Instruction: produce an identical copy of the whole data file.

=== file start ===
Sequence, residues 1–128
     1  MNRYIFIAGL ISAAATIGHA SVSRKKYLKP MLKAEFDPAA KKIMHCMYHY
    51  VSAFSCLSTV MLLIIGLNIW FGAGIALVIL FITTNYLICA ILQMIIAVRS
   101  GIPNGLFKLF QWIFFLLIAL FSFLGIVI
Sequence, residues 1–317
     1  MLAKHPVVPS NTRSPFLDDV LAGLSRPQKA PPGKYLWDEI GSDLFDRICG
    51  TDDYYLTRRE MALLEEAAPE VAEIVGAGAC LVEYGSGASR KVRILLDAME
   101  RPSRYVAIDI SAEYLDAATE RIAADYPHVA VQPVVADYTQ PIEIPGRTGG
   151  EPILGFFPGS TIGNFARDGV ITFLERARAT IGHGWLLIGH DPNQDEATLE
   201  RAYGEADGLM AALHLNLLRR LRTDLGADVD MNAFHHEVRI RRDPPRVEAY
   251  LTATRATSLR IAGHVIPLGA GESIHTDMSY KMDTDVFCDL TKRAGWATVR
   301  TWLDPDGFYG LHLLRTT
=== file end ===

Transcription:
Sequence, residues 1–128
     1  MNRYIFIAGL ISAAATIGHA SVSRKKYLKP MLKAEFDPAA KKIMHCMYHY
    51  VSAFSCLSTV MLLIIGLNIW FGAGIALVIL FITTNYLICA ILQMIIAVRS
   101  GIPNGLFKLF QWIFFLLIAL FSFLGIVI
Sequence, residues 1–317
     1  MLAKHPVVPS NTRSPFLDDV LAGLSRPQKA PPGKYLWDEI GSDLFDRICG
    51  TDDYYLTRRE MALLEEAAPE VAEIVGAGAC LVEYGSGASR KVRILLDAME
   101  RPSRYVAIDI SAEYLDAATE RIAADYPHVA VQPVVADYTQ PIEIPGRTGG
   151  EPILGFFPGS TIGNFARDGV ITFLERARAT IGHGWLLIGH DPNQDEATLE
   201  RAYGEADGLM AALHLNLLRR LRTDLGADVD MNAFHHEVRI RRDPPRVEAY
   251  LTATRATSLR IAGHVIPLGA GESIHTDMSY KMDTDVFCDL TKRAGWATVR
   301  TWLDPDGFYG LHLLRTT